Considerations for selecting a garments for backpacking
1) Weather - What temperatures are expected for high for the day, low for the night, will there be rain, how about wind. Of course weather predictors are rarely correct, and often wrong. The best guide is to look at the average highs and lows for the season, and what the average rainfall is for that season. Then look at the 7 day forecast and see if any special wind or rain is predicted. In the desert, they have sandstorms that are the sort of thing that you don't want to get caught out in. The sky turns dark and you can't hardly breathe. Rain also has it's risks, in that if you are going to be backpacking along a trail that you will need to cross several times, if a heavy rainfall is anticipated, that stream may be uncrossable for 12 to 24 hours after the rain stops, and if that is 2 or 3 days of steady rain, that could be problematic. Point of this is to say that when out in a large wilderness area, you need to be prepared to cope with a wide range of weather. Heat, cold, rain, and wind can be deadly if you're not prepared for them.
2) The wind and rain "Shell" - For wind, rain and cold - you need what's called a "shell". This "shell" is usually made of nylon, and has a layer that prevents rain from coming in, but allows perspiration to escape when you're hefting that heavy backpack. The shell will also protect you from cold wind because it has a very tight weave, and it's like a plastic layer for stopping wind. It will also keep you somewhat warm, but if it's really cold outside, there might be good reason to also bring a light sweater made of merino wool. It's light but it's a good insulator that you can wear under your shell for that extra warmth. I found that this combination works well down to about 10 degrees farenheit with a base layer under the merino wool sweater and the shell. Shells can be found at REI or Summit hut for less than $100, or you can pay more for features, up to several hundred dollars. That money is well spent though. You should get a good shell. It should weigh very little, and it should have the features that you want. I think it should have a hood, and it should zip up to your chin. Useful pockets in the right locations are a good feature to look for in a shell, and it should not weigh much more than a pound.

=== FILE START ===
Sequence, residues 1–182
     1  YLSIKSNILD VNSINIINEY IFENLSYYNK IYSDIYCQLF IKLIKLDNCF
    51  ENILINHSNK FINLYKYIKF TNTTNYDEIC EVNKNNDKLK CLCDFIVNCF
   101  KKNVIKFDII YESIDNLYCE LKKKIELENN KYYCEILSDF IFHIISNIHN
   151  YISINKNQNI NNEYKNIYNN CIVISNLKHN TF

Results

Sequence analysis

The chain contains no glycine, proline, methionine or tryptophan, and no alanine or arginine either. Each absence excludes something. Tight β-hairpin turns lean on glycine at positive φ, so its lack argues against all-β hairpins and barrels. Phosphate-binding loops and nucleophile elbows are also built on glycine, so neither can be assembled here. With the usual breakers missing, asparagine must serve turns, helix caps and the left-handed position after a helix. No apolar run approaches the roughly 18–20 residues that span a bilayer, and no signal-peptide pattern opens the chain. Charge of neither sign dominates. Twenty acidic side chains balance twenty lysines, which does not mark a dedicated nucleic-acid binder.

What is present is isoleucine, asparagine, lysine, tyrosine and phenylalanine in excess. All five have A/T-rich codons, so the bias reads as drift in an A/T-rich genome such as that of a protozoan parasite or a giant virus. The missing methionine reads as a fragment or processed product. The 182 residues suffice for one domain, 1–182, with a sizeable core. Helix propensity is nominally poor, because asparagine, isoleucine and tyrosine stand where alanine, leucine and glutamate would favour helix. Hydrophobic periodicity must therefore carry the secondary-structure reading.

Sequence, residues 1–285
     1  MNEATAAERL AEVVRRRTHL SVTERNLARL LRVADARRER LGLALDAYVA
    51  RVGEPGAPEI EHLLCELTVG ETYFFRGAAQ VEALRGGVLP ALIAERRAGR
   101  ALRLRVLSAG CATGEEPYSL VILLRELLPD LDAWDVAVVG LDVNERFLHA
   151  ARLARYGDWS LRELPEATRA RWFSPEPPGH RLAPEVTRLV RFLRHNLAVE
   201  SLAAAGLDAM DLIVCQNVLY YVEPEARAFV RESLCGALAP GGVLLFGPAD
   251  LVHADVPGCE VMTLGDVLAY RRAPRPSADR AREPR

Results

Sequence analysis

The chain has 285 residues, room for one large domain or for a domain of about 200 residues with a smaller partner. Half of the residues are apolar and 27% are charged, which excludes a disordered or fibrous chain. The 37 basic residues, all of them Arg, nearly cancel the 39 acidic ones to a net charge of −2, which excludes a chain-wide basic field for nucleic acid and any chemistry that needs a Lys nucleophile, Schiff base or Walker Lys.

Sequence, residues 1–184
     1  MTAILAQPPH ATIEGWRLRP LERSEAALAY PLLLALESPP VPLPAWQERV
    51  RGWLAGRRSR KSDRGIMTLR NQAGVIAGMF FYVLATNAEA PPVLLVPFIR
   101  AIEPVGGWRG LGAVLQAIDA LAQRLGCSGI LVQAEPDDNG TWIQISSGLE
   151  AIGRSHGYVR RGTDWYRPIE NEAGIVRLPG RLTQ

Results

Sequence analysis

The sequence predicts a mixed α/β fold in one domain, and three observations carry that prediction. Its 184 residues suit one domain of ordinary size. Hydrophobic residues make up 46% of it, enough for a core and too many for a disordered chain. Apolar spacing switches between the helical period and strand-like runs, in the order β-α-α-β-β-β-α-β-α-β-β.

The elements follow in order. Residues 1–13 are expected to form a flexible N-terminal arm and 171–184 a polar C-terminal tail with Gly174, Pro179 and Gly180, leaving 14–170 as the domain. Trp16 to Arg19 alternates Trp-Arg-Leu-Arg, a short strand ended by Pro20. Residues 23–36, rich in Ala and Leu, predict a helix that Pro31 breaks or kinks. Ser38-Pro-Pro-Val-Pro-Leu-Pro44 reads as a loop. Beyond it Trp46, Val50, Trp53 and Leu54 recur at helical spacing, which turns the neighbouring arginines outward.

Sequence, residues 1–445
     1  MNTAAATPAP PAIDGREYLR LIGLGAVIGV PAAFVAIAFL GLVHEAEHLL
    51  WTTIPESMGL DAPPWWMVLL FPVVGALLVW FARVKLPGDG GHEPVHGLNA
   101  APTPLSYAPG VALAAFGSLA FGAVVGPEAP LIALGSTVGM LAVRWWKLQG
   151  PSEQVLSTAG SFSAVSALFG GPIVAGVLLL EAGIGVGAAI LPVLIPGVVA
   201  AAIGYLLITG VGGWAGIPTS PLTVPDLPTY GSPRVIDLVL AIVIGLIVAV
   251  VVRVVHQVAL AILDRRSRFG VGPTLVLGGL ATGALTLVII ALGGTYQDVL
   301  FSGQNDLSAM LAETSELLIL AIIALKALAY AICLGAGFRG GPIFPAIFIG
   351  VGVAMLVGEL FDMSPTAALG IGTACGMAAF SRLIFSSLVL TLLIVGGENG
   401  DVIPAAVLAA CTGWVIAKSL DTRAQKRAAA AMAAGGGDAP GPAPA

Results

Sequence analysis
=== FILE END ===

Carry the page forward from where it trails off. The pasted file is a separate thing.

3) wool sweater - I recommend merino wool, because it's a tight weave, but it doesn't weigh much. You will need this layer if you plan to be out in temperatures much below 35F. You should bring this along as a risk mitigation in case temperatures are below those expected. Remember the weatherman often gets it wrong.
4) Base layer(s) - This is a fancy name for a nylon tight weave long sleeved Tshirt. these garments can be layered to increase warmth, and they will breathe, and let out perspiration. For maximum warmth, use 2 base layers, a wool sweather and a shell.
5) Pants - I recommend the convertable nylon pants because they breathe if you are in a warm season. These convert from long to shorts with zippers without removing your hiking shoes. Alternatively, if it's a colder part of the year, such as winter or early spring, or late fall, and if you are hiking in a wilderness area where there are a lot of "thorny" vegitation, such as cacti, or bushes with thorns, it may actually be better to wear blue jeans. The heavy cotton garment can stand up to bush wacking better than the nylon garment. I've seen a nylon garmenet ruined when bush wacking a mile up an arroyo through those thorny plants. The blue jeans will protect your skin better too! In the summer, you will pay a price thermally by using blue jeans, but the price might be worth it, you decide. Most of the hiking I do is in blue jeans, because it only weighs 5 ounces more but the protection is much better, and I prefer to hike in the winter in the desert. In non desert areas I might wear convertable nylon pants, because there will be fewer thorny plants, and thermally the nylon works better.
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Last Update: April 28, 2015
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